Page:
There's been a fair amount said about this week's big parliamentary debate already, but not enough I suspect. Gordon Brown has offered his personal opinion in The Observer today, in an effort to drum up support from the uncertain for the uncertain.
I'm no pro-lifer, don't think myself unduly conservative on such matters, and have a certain amount of apprehension about the amendment to shorten the period in which women can obtain an abortion (apprehensive because I fear that it might be supported). But I object most strongly to the proposal that IVF should no longer require clinics to consider the child's need for a father. It's not that they're saying that a child has no need for a father (they'd have difficulty providing evidence for that proposition particularly as they regularly blame 'absent fathers' for teenage delinquency). It's this curious belief that in some way they're denying human rights to gays and lesbians. Whatever happened to the notion that it's the child's need that should be put first?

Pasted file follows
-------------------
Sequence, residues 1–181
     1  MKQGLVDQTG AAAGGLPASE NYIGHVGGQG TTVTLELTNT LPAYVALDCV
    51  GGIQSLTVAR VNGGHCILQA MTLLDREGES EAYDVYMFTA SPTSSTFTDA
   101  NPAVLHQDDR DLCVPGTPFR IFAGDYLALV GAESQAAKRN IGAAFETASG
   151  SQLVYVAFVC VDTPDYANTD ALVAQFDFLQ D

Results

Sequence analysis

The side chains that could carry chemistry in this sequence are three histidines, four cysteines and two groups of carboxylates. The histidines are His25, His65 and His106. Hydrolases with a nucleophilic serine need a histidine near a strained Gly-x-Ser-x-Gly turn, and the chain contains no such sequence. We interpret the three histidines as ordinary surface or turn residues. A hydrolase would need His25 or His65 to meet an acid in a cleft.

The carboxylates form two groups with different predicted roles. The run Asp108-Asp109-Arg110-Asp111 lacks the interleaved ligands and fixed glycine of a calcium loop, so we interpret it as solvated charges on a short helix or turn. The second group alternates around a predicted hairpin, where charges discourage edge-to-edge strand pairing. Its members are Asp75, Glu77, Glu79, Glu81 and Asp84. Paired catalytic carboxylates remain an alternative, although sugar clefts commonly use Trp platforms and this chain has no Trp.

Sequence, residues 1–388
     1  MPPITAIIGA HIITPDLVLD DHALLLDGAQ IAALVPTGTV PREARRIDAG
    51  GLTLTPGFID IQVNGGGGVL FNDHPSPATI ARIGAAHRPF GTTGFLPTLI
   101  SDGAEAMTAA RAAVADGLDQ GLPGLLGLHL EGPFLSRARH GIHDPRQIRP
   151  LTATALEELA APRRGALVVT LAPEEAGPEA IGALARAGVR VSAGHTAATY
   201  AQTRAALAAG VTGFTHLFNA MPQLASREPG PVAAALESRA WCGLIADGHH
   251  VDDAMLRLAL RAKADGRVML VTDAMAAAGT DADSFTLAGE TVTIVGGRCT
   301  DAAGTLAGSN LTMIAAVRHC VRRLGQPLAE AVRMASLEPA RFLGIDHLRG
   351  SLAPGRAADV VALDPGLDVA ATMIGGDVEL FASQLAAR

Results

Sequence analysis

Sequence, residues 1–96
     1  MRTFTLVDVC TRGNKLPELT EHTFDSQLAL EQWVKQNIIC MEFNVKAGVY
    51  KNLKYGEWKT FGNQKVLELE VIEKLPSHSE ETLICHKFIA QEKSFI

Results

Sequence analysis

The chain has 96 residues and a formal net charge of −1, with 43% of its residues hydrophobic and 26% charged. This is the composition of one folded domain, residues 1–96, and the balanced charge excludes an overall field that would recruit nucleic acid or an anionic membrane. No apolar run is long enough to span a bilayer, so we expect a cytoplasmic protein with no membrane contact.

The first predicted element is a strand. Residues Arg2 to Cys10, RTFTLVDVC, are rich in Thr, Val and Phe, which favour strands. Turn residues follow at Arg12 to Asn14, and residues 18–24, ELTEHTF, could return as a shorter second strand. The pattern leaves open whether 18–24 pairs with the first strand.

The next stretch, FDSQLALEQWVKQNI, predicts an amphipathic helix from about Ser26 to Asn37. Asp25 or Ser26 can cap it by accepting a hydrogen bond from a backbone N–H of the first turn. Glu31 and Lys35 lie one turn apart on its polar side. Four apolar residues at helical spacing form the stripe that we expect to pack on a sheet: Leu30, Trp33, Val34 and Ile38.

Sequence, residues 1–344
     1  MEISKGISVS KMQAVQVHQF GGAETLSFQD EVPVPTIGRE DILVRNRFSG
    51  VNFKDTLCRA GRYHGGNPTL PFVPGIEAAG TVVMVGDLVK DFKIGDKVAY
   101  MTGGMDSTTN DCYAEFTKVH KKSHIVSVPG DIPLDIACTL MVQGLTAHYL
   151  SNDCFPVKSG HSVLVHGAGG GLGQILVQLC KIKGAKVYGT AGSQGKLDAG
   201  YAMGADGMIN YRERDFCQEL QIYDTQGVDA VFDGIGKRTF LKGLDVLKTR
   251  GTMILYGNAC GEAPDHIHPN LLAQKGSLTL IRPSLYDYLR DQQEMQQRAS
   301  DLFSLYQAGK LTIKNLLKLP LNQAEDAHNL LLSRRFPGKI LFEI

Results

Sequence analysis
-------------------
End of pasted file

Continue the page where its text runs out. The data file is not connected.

However my biggest anxiety is over the main focus of the bill, the proposal that scientists should be allowed to create animal-human hybrid embryos. Whether MPs are ever likely to have sufficient grasp of the scientific arguments is uncertain; For myself, I'm deeply suspicious of them. The scientists say (in effect) that if we permit this technique they'll solve all known illnesses before Christmas comes around. And that if the MPs reject the proposal they are condemning the ill to suffering and that would be immoral. It's an absurd argument, driven by scientists' desire to experiment regardless of consequence. The success of existing stem cell treatments is wildly overstated, and published research is about as one-sided as the stuff emanating from drug companies. But the politicians seem to have bought into this misplaced conviction.
Bad science always promises the moon; just look at the Nuclear industry. Governments are very reluctant to appear sceptical, they remain ever hopeful that those promises will actually deliver, and they will benefit electorally.
It worries me how the debate is being conducted not least with its undue haste, and it's all too reminiscent of the Iraq farrago from four years ago. Scientific breakthroughs are more likely to be made than Saddam Hussein's WMD were to be found, certainly, but only marginally. Gordon's zeal in pushing this through is not unlike Tony's was, and his assessment of the outcome is likely to be about as deficient.
There's worse though. "Britain is at the forefront of this research and responsible for much of the worldwide progress" Gordon writes. So that's what it comes down to. Money.